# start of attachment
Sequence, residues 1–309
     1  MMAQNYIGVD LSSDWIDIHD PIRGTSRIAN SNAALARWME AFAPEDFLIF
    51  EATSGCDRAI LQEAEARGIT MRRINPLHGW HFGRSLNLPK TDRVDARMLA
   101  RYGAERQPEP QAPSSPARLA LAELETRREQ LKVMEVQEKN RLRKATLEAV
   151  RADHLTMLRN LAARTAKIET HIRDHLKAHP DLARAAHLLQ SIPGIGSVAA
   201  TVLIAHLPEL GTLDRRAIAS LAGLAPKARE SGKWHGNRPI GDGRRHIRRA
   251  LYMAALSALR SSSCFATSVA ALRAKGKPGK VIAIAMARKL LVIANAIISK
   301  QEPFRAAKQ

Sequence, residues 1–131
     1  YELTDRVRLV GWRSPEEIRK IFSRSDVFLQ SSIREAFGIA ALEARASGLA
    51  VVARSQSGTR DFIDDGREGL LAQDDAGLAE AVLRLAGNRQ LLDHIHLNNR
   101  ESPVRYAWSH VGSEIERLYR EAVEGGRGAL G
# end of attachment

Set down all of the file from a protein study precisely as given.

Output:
Sequence, residues 1–309
     1  MMAQNYIGVD LSSDWIDIHD PIRGTSRIAN SNAALARWME AFAPEDFLIF
    51  EATSGCDRAI LQEAEARGIT MRRINPLHGW HFGRSLNLPK TDRVDARMLA
   101  RYGAERQPEP QAPSSPARLA LAELETRREQ LKVMEVQEKN RLRKATLEAV
   151  RADHLTMLRN LAARTAKIET HIRDHLKAHP DLARAAHLLQ SIPGIGSVAA
   201  TVLIAHLPEL GTLDRRAIAS LAGLAPKARE SGKWHGNRPI GDGRRHIRRA
   251  LYMAALSALR SSSCFATSVA ALRAKGKPGK VIAIAMARKL LVIANAIISK
   301  QEPFRAAKQ

Sequence, residues 1–131
     1  YELTDRVRLV GWRSPEEIRK IFSRSDVFLQ SSIREAFGIA ALEARASGLA
    51  VVARSQSGTR DFIDDGREGL LAQDDAGLAE AVLRLAGNRQ LLDHIHLNNR
   101  ESPVRYAWSH VGSEIERLYR EAVEGGRGAL G